Pharmaceutical ethics (or lack thereof)

Last week I wrote of about the profit increasing practice of evergreening carried out by large pharmaceutical companies. This week, I address an even greater lack of morality, the sale and promotion of drugs which are known to be unsafe. We would like to think that in this day and age of sound regulation this should not be an issue, but this is far from the truth.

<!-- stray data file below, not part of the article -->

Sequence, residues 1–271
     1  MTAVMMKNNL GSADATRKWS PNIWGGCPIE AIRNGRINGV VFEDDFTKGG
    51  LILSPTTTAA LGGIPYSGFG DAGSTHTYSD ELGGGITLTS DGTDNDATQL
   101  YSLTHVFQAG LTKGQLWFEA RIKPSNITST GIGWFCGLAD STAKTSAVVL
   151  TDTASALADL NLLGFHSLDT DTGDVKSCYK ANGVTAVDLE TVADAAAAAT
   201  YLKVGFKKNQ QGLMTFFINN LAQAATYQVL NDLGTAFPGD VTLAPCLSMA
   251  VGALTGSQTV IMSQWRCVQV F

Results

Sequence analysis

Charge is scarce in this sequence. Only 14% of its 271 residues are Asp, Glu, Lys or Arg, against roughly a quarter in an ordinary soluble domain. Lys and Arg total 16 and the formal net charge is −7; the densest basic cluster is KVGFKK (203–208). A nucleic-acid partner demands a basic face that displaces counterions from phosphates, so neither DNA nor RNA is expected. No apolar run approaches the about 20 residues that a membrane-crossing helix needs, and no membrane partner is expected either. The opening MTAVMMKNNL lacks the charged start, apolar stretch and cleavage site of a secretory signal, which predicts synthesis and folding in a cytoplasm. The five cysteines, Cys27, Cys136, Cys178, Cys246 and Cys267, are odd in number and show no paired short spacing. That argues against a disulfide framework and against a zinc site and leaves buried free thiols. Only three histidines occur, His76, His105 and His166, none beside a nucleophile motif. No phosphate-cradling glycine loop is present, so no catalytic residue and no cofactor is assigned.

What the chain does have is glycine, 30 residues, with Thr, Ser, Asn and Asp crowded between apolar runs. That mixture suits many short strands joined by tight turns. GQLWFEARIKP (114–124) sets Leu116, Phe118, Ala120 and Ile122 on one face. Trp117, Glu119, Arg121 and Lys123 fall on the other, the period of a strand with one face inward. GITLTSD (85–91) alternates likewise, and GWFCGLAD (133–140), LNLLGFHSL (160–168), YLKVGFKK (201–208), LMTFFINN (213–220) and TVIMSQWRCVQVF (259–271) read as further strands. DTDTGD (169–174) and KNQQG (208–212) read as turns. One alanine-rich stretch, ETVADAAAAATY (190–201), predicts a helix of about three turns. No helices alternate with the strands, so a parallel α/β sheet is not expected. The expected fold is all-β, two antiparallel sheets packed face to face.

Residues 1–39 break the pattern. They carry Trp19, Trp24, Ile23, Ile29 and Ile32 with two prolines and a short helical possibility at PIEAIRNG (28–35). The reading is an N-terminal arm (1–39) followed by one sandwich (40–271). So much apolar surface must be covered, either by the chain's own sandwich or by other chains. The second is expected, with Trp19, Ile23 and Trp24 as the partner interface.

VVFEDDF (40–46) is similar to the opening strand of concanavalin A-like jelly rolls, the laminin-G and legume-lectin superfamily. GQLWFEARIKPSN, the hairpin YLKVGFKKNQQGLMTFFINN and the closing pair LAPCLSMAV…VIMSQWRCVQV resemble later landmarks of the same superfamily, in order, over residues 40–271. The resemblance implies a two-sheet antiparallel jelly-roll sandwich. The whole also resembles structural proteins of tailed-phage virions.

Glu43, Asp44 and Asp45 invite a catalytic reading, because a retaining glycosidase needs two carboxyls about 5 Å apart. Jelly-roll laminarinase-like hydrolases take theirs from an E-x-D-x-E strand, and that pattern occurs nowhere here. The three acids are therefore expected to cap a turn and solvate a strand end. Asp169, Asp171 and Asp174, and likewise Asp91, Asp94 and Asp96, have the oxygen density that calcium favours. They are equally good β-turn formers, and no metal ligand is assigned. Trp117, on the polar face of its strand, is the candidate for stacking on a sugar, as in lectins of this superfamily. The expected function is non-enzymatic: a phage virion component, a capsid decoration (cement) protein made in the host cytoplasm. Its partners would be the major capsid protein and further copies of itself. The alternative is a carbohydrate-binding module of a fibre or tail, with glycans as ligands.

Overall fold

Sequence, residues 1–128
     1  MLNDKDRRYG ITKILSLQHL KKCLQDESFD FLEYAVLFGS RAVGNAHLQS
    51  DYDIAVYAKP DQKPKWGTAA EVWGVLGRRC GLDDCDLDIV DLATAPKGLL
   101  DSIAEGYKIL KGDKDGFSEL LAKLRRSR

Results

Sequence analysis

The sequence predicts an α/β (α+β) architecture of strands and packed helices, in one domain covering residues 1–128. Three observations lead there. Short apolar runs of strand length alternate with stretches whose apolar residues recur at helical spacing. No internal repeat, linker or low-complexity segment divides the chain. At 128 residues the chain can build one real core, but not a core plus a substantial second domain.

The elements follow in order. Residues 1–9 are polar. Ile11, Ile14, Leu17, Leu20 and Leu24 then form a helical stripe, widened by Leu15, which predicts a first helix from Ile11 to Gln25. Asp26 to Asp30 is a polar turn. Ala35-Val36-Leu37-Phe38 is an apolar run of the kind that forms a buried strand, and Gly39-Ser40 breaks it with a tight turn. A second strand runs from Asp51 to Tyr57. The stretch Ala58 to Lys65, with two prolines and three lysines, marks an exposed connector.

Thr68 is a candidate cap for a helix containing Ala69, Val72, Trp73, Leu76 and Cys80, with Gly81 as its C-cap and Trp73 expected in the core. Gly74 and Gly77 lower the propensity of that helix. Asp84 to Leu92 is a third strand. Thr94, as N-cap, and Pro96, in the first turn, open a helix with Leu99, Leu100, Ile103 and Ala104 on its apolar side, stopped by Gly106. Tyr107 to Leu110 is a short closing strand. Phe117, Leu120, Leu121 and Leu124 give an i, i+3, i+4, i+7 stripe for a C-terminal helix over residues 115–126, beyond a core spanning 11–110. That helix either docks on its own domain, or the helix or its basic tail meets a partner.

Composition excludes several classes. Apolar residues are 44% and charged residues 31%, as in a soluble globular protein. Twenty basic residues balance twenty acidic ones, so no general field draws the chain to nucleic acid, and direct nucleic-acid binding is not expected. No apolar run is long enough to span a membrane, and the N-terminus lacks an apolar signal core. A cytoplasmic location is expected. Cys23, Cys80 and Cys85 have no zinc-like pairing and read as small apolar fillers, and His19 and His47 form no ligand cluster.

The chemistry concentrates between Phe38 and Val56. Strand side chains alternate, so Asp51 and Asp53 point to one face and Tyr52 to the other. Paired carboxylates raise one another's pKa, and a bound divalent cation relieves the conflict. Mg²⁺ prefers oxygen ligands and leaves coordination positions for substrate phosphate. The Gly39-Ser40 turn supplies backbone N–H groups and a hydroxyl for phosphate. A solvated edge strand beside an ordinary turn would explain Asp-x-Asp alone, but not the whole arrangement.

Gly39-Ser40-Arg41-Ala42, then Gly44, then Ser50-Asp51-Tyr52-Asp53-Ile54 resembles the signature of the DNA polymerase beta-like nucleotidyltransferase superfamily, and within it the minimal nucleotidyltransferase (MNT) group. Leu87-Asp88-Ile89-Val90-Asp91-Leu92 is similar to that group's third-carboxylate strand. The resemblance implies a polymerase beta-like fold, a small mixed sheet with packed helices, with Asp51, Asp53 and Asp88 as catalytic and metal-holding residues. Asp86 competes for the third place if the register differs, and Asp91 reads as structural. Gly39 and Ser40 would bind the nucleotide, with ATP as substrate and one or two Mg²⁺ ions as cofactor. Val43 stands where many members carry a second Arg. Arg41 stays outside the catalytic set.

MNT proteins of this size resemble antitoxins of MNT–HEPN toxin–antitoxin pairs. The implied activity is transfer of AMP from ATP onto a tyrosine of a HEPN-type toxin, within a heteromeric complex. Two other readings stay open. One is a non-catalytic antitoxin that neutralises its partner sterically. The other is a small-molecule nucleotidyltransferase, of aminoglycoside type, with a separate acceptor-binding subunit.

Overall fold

One example of this is Swiss company Hoffmann-La Roche’s anti acne medication, with the chemical name Isotretinoin sold here in Australia as Roaccutane. Given the pervasiveness of the condition, it is widely prescribed when antibiotic treatments have failed. In the past financial year, around 160,000 scripts were filled for it under the government subsidised Pharmaceutical Benefits Scheme. Yet, in America, Roche has not sold the medication for nearly 4 years after it was successfully sued by former users who suffered inflammatory bowl disease. It has also been linked to a greater potential for depression in users. If one visits the Roche website, one finds an entire tab dedicated to ethics. Yet if the company continues to reap millions from selling here a dangerous product deemed unfit for the US market, it means very little. Clearly, in spite of what they may espouse, large pharmaceutical companies have a long way to go.


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